Personal Finance

AeroVironment's Blackwing Makes Every Submarine an Underwater Aircraft Carrier


Artist's depiction of Blackwing taking flight. Image source: AeroVironment .

For several years now, the U.S. Navy has been hard at work learning how best to build an underwater aircraft carrier . At long last, they may have found their solution -- albeit a small-scale solution -- and AeroVironment (NASDAQ: AVAV) is the company that will provide it.

Last week, AeroVironment confirmed that the Navy intends to deploy its new Blackwing unmanned aircraft system (so new that it doesn't even show up on AV's website) across its fleet of both manned, and unmanned , submarines. And it's important to distinguish this announcement from the constant stream of "technology demonstrations" that come out of the military-industrial complex.

This isn't that. This is an actual deployment.

This news is "AWESUM"

As AeroVironment explains, it originally "developed the Blackwing system as part of a 2013 Navy and United States Special Operations Command (USSOCOM)-sponsored [project] called Advanced Weapons Enhanced by Submarine UAS against Mobile targets (AWESUM)."

Development of the product wrapped up last September, and the Navy quickly issued "a strong recommendation to transition the capability into the fleet." So this appears to be an active weapons program that should quickly begin adding money to AeroVironment's revenue stream.

How much money?

Exactly how much money are we talking about? That's hard to say. AeroVironment publishes no details on Blackwing on its website, but the company does describe the UAV as similar in form and function to its Switchblade kamikaze UAV. The key difference is that while Switchblade launches from a man-packable tube the size of a small mortar, or from a 70mm rocket tube such as Army helicopters carry, Blackwing launches "from a fully submerged undersea platform " such as a naval submarine or miniature drone sub , probably exiting via a torpedo tube .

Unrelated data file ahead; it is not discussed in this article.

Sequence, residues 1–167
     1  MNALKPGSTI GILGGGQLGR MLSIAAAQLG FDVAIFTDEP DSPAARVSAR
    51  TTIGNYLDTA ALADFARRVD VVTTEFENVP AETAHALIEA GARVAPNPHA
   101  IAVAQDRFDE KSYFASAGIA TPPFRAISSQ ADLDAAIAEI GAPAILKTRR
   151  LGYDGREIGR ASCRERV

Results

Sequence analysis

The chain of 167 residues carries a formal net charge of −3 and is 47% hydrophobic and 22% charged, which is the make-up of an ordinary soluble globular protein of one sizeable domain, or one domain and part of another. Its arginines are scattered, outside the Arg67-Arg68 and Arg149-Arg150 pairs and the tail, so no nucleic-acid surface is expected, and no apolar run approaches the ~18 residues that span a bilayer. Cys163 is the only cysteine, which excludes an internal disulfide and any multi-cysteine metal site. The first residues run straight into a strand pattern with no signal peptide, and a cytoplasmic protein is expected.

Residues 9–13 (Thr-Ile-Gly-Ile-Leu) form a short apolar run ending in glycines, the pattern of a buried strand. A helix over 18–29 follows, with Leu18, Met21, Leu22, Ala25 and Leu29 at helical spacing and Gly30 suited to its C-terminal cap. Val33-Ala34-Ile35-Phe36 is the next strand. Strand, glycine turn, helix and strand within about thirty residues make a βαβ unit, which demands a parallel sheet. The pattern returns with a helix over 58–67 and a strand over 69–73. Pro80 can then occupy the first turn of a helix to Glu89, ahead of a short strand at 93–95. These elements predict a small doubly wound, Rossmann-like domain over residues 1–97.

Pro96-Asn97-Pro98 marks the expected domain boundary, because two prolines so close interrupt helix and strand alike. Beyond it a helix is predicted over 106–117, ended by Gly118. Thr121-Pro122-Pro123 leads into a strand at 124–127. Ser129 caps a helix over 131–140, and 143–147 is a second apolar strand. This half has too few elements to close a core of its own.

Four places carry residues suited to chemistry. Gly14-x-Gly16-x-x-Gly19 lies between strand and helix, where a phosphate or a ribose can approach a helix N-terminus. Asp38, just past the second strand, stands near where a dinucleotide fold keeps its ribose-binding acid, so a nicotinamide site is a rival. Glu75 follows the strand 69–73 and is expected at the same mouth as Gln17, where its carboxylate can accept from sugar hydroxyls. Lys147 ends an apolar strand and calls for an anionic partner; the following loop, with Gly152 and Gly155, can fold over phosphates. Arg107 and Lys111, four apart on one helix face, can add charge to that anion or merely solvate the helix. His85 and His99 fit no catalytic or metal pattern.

AeroVironment is particularly coy about divulging Switchblade's cost. Estimates range from $40,000 per unit to as high as $150,000, though. My own estimate implies a unit cost of at least $70,000, and perhaps more. So with AeroVironment announcing "full deployment" of the system across the Navy's fleet of 71 submarines (and an unknown number of drone subs), we're talking $5 million minimum here , times however many Blackwings the Navy decides to load onto each submarine.

To put that number in context, S&P Global Market Intelligence figures put revenue from AeroVironment's unmanned aircraft systems division at $221 million annually. So you see how, for a small company like AV, even a $5 million contract has the potential to "move the needle" on revenues pretty significantly.

What comes next?

As for how drastically the needle swings, that's something we don't know yet. But rest assured: We'll keep a close watch on the Pentagon's daily digest of contract awards and update you as soon as the first contract rolls out. As soon as we know more, you'll know more .

There's something big happening this Friday

I don't know about you, but I always pay attention when one of the best growth investors in the world gives me a stock tip. Motley Fool co-founder David Gardner (whose growth-stock newsletter was the best performing in the U.S. as reported by The Wall Street Journal )* and his brother, Motley Fool CEO Tom Gardner, are going to reveal their next stock recommendations this Friday. Together, they've tripled the stock market's return over the last 13 years. And while timing isn't everything, the history of Tom and David's stock picks shows that it pays to get in early on their ideas.

Click here to be among the first people to hear about David and Tom's newest stock recommendations.

*"Look Who's on Top Now" appeared in The Wall Street Journal in Aug. 2013, which references Hulbert's rankings of the best performing stock picking newsletters over a 5-year period from 2008-2013.

The views and opinions expressed herein are the views and opinions of the author and do not necessarily reflect those of Nasdaq, Inc.

The views and opinions expressed herein are the views and opinions of the author and do not necessarily reflect those of Nasdaq, Inc.

In This Story


Other Topics